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The most amazing RAF Victoria Cross story

The Victoria Cross is well known as being the highest military decoration which can be awarded for valour in the face of the enemy. But the most valuable part of any VC is the story behind it and one of the most remarkable of all Royal Air Force VC stories now lives on in the minds of the next generation of Nuneaton Air Cadets.

Sergeant Norman Jackson VC, Royal Air Force Volunteer ReserveOn the 8th October Mr Philip Wilson, local historian and County Chairman of the Warwickshire Royal British Legion visited 121 ( Nuneaton ) Squadron to talk to the cadets about the history behind the Warwickshire Yeomanry and his work with the regiment's Warwick based museum.

Mr. Wilson's presentation on the history of the Warwickshire Yeomanry was extremely informative and well received by the cadets but of all the stories he had to tell of courage and valour he left the most amazing to the end.

It was the story of the VC awarded to Sergeant Norman Jackson, Royal Air Force Volunteer Reserve, which understandably captured the imagination of the Air Cadets. And just to make the whole story even more exciting, Philip Wilson had Sergeant Jackson's medals with him, including the coveted VC.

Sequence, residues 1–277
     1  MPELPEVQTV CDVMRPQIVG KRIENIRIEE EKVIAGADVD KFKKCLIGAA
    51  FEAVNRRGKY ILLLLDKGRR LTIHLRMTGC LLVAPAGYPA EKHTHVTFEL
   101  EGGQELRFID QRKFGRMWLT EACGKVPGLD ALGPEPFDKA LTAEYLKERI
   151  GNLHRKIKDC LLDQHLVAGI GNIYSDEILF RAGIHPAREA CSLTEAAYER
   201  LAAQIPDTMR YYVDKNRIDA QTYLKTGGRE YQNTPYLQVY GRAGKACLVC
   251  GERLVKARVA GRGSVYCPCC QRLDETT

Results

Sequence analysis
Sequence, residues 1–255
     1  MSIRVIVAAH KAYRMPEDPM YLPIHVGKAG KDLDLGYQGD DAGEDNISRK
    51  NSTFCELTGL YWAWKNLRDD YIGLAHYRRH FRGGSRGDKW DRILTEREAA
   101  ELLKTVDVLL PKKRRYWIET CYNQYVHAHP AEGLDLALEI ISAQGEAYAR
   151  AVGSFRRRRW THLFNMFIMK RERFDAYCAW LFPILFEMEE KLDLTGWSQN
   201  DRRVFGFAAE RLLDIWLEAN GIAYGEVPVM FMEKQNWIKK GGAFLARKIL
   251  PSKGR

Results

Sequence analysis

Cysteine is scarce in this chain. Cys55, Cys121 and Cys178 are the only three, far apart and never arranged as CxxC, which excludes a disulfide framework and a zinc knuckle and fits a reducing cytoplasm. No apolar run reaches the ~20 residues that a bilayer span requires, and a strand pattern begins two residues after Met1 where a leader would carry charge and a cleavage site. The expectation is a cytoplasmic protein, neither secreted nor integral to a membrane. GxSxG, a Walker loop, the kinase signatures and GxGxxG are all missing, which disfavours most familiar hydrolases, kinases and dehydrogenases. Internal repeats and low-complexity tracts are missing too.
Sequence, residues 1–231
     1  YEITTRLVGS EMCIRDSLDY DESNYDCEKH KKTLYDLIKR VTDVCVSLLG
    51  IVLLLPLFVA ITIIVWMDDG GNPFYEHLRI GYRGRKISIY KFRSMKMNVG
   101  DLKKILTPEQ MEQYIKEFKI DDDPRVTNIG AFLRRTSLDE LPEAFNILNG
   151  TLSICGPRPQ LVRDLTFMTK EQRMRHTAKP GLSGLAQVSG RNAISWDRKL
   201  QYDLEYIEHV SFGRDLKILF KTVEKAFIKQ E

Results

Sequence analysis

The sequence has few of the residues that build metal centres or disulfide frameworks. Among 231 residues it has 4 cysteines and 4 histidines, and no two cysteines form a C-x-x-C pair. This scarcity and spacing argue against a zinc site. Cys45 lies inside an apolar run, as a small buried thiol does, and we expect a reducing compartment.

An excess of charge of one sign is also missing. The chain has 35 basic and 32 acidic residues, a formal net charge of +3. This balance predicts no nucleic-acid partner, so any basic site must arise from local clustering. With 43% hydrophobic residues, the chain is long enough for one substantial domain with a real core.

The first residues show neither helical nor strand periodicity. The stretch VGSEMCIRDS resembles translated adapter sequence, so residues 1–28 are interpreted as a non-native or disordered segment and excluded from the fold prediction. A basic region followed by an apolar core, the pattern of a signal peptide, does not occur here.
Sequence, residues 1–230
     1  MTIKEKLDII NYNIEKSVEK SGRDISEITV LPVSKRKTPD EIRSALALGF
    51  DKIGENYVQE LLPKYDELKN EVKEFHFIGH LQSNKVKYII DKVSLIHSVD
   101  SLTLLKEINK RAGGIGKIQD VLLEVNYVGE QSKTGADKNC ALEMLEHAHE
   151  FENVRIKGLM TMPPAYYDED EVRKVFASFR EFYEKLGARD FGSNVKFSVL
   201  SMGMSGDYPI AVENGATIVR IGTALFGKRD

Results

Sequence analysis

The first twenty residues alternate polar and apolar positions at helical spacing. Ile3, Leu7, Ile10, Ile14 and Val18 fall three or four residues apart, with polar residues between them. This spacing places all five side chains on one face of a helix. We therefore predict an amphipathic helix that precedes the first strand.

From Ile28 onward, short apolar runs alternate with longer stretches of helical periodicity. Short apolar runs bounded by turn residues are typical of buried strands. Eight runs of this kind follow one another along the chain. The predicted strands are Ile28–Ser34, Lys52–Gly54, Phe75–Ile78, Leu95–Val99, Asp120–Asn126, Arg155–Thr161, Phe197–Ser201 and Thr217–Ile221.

Mr. Wilson told how on the night of 26 ~ 27 April 1944 , when 215 Lancasters and 11 Mosquitoes raided Schweinfurt . The pathfinding aircraft inaccurately marked the target, strong headwinds upset the bombing schedule and enemy fighters incessantly attacked the bombers. Sergeant Norman Jackson RAFVR was a Lancaster flight engineer with 106 Squadron.

As Philip Wilson read out the citation published in the London Gazette on 26th October 1945 the room fell silent as everyone listened intently to the high drama of the account of Sergeant Norman Jackson's exploit, which led to the award of the VC.

The citation